You are always going to have some risk.
I guess it depends on how allegic your DS is - ie contact or actual ingestion of the foods that will form your questions about how they keep him safe

SuburbanMomma Fri 01-Feb-13 18:10:08

Ilistentotheradio - I have absolutely no faith that every school is aware of allergies. A lot of people think they know and understand allergies when actually they don't and confuse them with intolerances. That clouds my judgment from the start. So I'm going to need some serious reassurance from firstly the head teacher that they take us seriously. It's great that your school has worked through things with you but I'm pretty sure not all are like that. Plus I want them to understand our allergies not just rely on experience from other children as of course no two allergies are the same and parents do take different approaches with regard to risk.

It shouldn't matter how allergic he is. That's the problem. The last reaction he had to say sesame isn't necessarily a good indicator of how he might react next time so I'd want the school to be vigilant regardless of his history of reactions. That's another common misconception. I have a friend whose daughter accidentally ate something with egg in once and just had hives. It happened again and she had a very serious anaphylactic reaction and had to be resuscitated.

Ilisten2theradio Sat 02-Feb-13 14:28:57


I understand your concern. It used to worry me to death that school were managing it correctly.
I think the fact that there are so many children in schools with epipens these days mean that the teachers tend to be very aware.

Even in reception DS was very aware of what he couldn't eat. He knew he didn't want an allergic reaction. Although you can never at that age put the responsibilty on the child we would always remind him never to try other peoples food just in case, and he did take this seriously too.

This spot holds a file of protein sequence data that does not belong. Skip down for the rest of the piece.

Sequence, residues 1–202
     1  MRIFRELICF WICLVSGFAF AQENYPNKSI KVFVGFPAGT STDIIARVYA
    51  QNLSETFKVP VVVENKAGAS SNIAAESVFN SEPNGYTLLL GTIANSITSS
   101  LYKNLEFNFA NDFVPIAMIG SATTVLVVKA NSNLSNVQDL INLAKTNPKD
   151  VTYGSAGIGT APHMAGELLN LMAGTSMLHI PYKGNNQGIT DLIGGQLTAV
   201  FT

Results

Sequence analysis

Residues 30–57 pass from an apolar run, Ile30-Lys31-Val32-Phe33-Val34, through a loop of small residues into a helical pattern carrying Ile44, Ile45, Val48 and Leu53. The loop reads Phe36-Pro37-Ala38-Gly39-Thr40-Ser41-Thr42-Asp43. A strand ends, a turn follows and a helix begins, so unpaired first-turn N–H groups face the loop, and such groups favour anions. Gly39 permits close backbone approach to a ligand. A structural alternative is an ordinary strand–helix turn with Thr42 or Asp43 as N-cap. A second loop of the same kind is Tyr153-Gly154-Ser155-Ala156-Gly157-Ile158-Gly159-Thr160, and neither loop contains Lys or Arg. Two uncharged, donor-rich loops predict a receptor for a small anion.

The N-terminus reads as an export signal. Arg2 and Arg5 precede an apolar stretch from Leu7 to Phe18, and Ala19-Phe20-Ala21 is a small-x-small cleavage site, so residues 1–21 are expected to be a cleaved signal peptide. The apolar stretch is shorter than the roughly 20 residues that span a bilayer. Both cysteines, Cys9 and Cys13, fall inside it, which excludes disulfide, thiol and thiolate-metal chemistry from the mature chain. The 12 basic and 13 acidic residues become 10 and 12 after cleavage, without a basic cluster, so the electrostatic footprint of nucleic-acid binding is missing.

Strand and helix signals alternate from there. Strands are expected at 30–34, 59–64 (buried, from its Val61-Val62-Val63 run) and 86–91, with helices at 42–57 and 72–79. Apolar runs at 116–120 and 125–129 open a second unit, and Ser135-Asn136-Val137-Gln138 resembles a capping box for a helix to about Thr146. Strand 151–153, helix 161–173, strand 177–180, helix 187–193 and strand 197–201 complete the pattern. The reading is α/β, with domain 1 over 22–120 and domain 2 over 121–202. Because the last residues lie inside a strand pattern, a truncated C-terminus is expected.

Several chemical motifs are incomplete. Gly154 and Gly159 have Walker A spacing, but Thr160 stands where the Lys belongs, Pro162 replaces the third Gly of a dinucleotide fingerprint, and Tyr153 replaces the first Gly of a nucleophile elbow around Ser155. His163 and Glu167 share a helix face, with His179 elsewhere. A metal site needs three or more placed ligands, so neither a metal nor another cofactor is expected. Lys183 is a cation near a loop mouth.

The problem is with the list of allergies you have you will never find a school that will ban them all and so you will have to have the conversation about how they will safeguard your DS and manage that risk. There is also the argument that you shouldn't as you cannot control the rest of the world outside of school too, so you must teach your DS to learn to cope and understand the risks ( yes I know he is little - I mean over time).

My DS at that age sometimes refused to eat in the hall with the other children if the cooked lunches were eating - say fish that he is allergic to. He would smell it and refuse to go in. When this happened he sat on chairs outside the school office where the staff there could keep an eye on him while he ate. They were very understanding about it ( especially as one of the staff in the office has a very allergic child).

Betty5313 Fri 08-Feb-13 19:37:45

we have just chosen a small private school over a large primary for dd. Several reasons, one of which was that we weren't happy that they could deal with her severe intolerance.She has to avoid milk, soy, chickpeas, lentils , yeast and citrus. even a small amount of soy can leave her with stomach cramps and diarrhea for weeks. luckily she tends to vomit after milk so tge ling term effects aren't as bad.

the school said if she had school lunch it would be prepared separately but there wasn't one day on the one month long menu when she could have eaten any of the dishes. if all her friends had school lunch she would have ended up eating and playing separately at lunch time. supervision at lunchtime wasn't strong enough, the nursery children ate wwith the main school and had no extra supervision.

we just felt happier eith a smaller school that the children would all know dd and know about not foodsharing.

our dietitian was wary about how well a large school could/would deal with the issues.